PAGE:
Welding involves hazards like intense heat, bright arcs, fumes, and heavy materials, not to mention long-term repetitive stress injuries such as back pain, shoulder injuries, and carpal tunnel syndrome. Automated welding machines are designed with safety features to prevent accidents and injuries.

By reducing hazards that human welders experience, welding automation can lead to cost savings through reduced workers' compensation claims and insurance premiums.

Challenges and Considerations

While welding automation offers many advantages, it also presents challenges that manufacturers should consider, which might vary depending on your operations.

Investment Costs

Automated welding machines are a major capital expenditure that requires planning, but there’s more to it than equipment and software. You might also need to budget to modify your facility if you don’t have the space for automated welding machines or make other changes in your production lines. Other associated expenses might include costs for installation, programming, and training employees to run the machines.

Before committing to welding automation, consult with your experts, including our SVA manufacturing experts, and collect data from your human resources team to create an accurate picture that will help you conduct a thorough cost-benefit analysis and ROI projection.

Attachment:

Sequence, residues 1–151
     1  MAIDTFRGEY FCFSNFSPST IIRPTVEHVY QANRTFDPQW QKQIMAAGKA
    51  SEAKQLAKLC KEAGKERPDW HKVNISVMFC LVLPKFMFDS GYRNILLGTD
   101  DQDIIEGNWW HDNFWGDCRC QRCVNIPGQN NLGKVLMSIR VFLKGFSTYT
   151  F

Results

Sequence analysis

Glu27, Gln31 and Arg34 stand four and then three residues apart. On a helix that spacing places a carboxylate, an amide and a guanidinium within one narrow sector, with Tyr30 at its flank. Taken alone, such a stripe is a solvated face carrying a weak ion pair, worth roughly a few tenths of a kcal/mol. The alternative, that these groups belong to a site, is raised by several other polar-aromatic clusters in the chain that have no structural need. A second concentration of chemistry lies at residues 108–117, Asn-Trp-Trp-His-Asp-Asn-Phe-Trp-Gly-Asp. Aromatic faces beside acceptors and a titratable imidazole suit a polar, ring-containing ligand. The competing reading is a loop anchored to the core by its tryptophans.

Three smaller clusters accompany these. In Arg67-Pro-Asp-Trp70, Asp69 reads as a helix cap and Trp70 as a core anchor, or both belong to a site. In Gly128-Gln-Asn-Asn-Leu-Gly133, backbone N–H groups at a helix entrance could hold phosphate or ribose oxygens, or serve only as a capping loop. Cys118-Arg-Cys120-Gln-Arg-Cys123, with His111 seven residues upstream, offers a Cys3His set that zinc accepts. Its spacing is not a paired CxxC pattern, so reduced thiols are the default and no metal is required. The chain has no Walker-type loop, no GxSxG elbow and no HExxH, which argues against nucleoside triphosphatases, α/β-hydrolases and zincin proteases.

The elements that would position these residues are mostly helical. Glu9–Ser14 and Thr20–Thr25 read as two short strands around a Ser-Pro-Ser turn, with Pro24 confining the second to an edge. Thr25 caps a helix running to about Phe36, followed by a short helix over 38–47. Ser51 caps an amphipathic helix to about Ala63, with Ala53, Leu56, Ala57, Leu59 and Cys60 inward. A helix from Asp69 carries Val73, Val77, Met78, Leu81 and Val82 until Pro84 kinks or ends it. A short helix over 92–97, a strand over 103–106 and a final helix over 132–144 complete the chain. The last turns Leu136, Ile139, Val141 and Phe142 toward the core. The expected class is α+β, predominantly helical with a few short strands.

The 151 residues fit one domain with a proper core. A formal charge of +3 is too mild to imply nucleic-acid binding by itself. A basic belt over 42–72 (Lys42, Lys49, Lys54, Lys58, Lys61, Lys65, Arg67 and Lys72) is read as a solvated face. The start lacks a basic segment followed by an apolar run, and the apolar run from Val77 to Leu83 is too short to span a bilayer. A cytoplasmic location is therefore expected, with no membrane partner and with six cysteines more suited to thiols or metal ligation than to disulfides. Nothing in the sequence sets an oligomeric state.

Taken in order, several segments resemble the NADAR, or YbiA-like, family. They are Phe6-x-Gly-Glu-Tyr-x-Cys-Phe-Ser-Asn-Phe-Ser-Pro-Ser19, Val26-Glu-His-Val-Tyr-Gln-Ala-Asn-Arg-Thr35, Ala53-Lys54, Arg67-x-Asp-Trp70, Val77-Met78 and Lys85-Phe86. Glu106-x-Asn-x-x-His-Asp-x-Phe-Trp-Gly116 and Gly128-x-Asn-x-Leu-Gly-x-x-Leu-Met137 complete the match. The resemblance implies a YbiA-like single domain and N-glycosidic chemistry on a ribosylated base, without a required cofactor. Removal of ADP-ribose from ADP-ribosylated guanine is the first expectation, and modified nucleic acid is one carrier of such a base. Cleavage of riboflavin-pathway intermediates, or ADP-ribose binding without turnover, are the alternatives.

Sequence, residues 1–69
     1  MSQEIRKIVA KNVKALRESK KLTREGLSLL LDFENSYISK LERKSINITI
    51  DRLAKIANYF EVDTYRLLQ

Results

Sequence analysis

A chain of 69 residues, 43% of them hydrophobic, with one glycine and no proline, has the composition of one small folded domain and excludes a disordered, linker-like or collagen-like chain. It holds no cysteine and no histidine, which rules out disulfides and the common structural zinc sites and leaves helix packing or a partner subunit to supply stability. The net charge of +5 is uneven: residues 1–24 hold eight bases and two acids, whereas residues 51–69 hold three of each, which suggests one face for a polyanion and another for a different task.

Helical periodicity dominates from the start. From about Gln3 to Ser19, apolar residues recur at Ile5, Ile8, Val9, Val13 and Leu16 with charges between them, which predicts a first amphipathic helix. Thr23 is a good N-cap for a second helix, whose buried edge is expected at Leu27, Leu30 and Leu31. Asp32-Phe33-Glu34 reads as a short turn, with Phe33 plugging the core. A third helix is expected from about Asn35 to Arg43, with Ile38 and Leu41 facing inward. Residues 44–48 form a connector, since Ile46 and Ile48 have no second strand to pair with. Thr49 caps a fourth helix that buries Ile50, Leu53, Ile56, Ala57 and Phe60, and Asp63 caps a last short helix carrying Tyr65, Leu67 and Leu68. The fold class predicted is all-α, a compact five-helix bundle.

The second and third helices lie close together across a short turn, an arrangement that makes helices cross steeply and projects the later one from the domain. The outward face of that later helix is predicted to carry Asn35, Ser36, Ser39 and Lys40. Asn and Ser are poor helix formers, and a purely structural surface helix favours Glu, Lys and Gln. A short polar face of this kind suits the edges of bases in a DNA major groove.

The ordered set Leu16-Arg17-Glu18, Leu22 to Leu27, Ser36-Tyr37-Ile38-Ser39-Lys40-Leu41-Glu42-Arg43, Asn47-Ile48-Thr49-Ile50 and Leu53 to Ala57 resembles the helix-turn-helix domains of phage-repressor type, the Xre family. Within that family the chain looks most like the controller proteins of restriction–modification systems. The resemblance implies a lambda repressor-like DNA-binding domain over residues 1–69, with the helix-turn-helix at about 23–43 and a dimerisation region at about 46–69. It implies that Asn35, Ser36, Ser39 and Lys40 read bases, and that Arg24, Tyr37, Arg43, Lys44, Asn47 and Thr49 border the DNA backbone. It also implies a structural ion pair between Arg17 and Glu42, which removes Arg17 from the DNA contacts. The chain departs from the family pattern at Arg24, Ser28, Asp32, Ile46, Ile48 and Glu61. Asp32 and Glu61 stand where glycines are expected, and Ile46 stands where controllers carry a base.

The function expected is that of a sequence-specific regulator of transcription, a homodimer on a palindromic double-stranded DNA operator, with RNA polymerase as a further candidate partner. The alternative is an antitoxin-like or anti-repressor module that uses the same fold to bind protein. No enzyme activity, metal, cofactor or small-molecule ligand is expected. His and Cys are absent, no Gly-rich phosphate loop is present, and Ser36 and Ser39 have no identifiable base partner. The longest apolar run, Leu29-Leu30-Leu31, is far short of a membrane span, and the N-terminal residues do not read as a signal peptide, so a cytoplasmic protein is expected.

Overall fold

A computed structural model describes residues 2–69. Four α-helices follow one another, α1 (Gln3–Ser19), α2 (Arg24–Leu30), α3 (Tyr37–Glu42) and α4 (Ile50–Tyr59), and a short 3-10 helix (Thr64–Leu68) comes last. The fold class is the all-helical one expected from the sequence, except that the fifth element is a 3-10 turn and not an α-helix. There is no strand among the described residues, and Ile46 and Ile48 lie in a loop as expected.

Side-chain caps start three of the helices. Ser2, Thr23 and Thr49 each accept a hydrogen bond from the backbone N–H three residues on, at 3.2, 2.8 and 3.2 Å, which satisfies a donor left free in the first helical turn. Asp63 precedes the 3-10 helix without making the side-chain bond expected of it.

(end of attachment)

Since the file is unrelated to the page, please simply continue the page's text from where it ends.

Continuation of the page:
Make sure to consider the potential long-term cost savings from improved productivity and efficiency of welding automation.

Training Requirements

Although automated welding reduces the need for skilled welders on the floor, you will need people trained in operating, programming, and maintaining the automated welding machines. You’ll need to plan for time and cost to train staff on the new equipment.

Some manufacturers keep at least one skilled welder who can perform manual welding tasks if needed, such as during system downtime or for components that can’t be welded by automated welding machines.

Equipment Repair/Downtime

Like any complex machinery, automated welding machines sometimes break down or require scheduled maintenance, causing downtime. You can minimize disruptions by planning ahead and knowing how and where to get prompt repair services or making a plan to use manual welding or redundant equipment for downtime.

If you’re considering welding automation, also ask the automation provider about the availability of service technicians who can quickly fix equipment issues. You should also make a plan for preventive maintenance, like any other equipment, to maximize uptime.